|Publication number||US6070754 A|
|Application number||US 09/218,216|
|Publication date||Jun 6, 2000|
|Filing date||Dec 22, 1998|
|Priority date||Jan 17, 1996|
|Also published as||US5685451, US6123893, US6196828|
|Publication number||09218216, 218216, US 6070754 A, US 6070754A, US-A-6070754, US6070754 A, US6070754A|
|Inventors||John Parks Newby, Sr.|
|Original Assignee||Delta Consolidated Industries|
|Export Citation||BiBTeX, EndNote, RefMan|
|Patent Citations (50), Non-Patent Citations (3), Referenced by (11), Classifications (42), Legal Events (5)|
|External Links: USPTO, USPTO Assignment, Espacenet|
This is a application continuation of application Ser. No. 08/876,121, filed Jun. 13, 1997 now U.S. Pat. No. 5,876,657, which is a divisional of application Ser. No. 08/588,017, filed Jan. 17, 1996 and issued Nov. 11, 1997 as U.S. Pat. No. 5,685,451
This invention-relates generally to blow-molded articles, and relates more specifically to blow-molded articles of double-walled construction.
Blow molding is a well-known fabrication method for thermoplastic components. The process generally involves the molding of a hollow tube, or "parison," of molten thermoplastic, that is lowered from an overhanging extrusion head to a position between halves of a reciprocating mold. As the mold halves close, air or some other gas is injected into the parison; the increase in air pressure within the parison caused by such injection forces its walls into the contours of the cavities of the mold halves and thus forms the parison into a desired molded shape. The resulting component has molded walls that surround a hollow chamber. Blow molding has proven to be particularly popular for the production of large parts that would require unduly large molding injection molding machines.
One type of blow molding that has been used successfully for large components that require structural rigidity is the so-called "double-walled" blow molding process. In this process, mold halves are most often designed as distinct core and cavity halves (rather than as two cavities, as would be the case for blow-molded bottles or other containers). The core portion of the core mold half extends within the cavity as the mold halves close. In addition, the mold halves for double-walled components are configured so that the molded components have "full-perimeter flash"; i.e., after molding the component has excess material, or "flash", around the perimeter defined by mating surfaces of the mold halves. This contrasts with single-walled components, in which the parison is inflated entirely within closed mold cavities, and the molded component has flash only on its top and bottom portions. Blow-molded components have distinct inner and outer walls that surround a hollow space, with the inner wall having been formed by the core and the outer wall having been formed by the cavity, with the inner and outer walls being separated by the weld line remaining after the flash is removed. In a typical double-walled component the inner and outer walls are positioned proximate to one another and can have "pinched-off" areas, in which the inner and outer walls are contiguous.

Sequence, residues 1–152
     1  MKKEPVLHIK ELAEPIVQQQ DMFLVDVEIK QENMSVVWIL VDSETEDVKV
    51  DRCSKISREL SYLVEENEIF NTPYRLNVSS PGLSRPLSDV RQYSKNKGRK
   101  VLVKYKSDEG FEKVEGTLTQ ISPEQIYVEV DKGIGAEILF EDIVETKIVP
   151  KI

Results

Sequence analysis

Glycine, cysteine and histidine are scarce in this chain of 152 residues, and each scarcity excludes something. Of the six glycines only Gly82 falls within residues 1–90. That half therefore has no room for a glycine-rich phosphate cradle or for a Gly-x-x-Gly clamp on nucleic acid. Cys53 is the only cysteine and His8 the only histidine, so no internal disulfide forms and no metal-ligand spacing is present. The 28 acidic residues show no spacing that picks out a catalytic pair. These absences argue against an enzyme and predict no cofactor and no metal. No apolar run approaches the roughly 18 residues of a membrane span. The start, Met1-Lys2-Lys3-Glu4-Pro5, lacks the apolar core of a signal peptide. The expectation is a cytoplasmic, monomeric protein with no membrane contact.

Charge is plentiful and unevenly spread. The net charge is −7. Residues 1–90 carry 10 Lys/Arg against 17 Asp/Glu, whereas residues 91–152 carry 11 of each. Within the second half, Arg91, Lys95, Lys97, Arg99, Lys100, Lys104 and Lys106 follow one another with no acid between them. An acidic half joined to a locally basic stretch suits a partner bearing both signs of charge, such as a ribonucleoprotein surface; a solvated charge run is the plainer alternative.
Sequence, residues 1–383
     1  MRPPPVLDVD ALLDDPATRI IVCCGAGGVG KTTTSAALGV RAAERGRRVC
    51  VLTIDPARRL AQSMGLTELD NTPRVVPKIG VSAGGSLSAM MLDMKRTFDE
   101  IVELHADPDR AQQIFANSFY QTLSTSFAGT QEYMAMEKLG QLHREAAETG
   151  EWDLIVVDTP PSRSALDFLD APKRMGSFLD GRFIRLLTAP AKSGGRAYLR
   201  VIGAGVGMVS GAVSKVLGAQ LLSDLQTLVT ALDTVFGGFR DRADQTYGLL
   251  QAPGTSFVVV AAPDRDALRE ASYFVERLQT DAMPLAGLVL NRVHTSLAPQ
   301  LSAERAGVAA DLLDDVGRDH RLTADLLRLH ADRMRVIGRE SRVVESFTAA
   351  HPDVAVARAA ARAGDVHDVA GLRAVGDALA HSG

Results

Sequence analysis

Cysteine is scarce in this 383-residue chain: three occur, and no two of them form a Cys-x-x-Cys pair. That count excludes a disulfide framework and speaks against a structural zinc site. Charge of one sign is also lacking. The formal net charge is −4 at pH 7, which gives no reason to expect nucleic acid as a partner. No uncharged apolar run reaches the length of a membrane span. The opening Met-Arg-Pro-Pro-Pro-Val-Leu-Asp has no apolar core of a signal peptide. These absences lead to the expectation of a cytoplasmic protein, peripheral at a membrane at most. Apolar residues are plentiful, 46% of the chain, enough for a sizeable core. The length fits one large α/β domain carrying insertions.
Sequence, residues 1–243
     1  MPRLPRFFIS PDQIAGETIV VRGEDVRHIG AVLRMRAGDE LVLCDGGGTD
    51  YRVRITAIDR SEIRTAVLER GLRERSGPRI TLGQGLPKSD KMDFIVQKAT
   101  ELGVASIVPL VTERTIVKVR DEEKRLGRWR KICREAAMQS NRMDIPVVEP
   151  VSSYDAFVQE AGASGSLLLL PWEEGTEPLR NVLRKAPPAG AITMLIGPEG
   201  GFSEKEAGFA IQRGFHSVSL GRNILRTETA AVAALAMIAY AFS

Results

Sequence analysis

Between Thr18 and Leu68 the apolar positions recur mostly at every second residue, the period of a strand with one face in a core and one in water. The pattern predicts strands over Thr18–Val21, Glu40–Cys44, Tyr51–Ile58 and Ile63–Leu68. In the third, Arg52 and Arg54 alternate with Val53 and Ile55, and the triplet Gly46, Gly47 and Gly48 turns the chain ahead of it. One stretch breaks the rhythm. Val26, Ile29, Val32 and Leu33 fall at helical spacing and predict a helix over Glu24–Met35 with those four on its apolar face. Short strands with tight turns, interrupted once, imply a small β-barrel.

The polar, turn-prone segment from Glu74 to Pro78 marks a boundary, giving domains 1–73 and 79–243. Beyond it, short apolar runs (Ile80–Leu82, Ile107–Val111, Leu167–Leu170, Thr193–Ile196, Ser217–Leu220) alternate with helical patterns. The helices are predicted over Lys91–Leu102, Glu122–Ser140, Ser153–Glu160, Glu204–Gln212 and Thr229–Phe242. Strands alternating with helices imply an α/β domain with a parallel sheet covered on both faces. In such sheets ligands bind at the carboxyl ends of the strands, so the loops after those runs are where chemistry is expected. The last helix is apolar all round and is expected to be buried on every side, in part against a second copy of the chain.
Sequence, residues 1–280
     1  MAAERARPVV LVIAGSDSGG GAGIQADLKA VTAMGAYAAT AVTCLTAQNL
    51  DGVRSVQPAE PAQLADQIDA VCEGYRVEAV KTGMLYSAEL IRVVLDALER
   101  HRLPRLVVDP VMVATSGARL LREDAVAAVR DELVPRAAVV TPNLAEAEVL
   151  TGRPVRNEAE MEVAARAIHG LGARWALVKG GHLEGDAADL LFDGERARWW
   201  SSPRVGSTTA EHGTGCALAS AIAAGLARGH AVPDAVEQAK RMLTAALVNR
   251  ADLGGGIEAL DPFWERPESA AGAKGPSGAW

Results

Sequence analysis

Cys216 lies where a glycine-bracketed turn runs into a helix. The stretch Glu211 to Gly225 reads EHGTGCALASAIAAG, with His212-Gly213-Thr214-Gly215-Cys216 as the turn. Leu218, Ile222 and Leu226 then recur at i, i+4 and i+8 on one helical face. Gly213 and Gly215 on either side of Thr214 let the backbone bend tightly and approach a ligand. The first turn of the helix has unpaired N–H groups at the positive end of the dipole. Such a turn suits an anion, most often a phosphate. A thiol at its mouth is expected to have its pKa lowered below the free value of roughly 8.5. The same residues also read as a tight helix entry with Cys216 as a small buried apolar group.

One distinct advantage provided by double-walled blow-molded components is the capability for adjacent regions of the inner and outer walls to differ significantly in their localized contour. For example, a region of the outer wall may have a relatively flat profile, while the adjacent region of the inner wall can contain numerous projections, recesses, and the like, with the profile of either localized region failing to impact significantly the appearance or structural integrity of the other. Such differences in localized inner and outer wall contour are less likely to be successfully achieved in injection-molded components because the inclusion of substantial detail in the inner wall can have a deleterious effect on the dimensional stability, appearance, and even strength of the outer wall. Another performance advantage conveyed by double-walled components stems from the formation of the hollow chamber within the inner and outer walls, as it can provide an air cushion that protects items contacting the inner wall.
For these reasons, double-walled components have proven to be particularly popular for protective containers and carrying cases. Detailed-contour that mates with, matches, supports, or captures portions of an item to be carried within the carrying case can be included in the inner wall of the double-walled component even as the outer wall has a generally flat, appearance-sensitive surface. Further, the air cushion between the inner and outer walls helps to protect the item. Thus, the container has the detail and structure necessary to support, transport and protect the item and also provides the desired aesthetic appeal, and does so without the manufacturer having to produce two separate inner wall and outer wall parts.
One problem confronting manufacturers of double-walled containers is the attachment of a manufacturer's label to the container. Typically, a paper or plastic label is adhesively bonded or otherwise attached to the outer surface of the one side of the container. However, these labels can easily peel off or tear, either of which can adversely impact the appearance of the container. The lack of durability of these labels is particularly problematic for carrying cases for power tools and the like, which are typically subjected to significant abuse during conventional use. Another alternative is to mold the manufacturer's logo directly into the case, but this limits the manufacturer to using a logo which is the same color as the case itself.
In view of the foregoing, it is an object of the present invention to provide a double-walled container with a durable identifying label.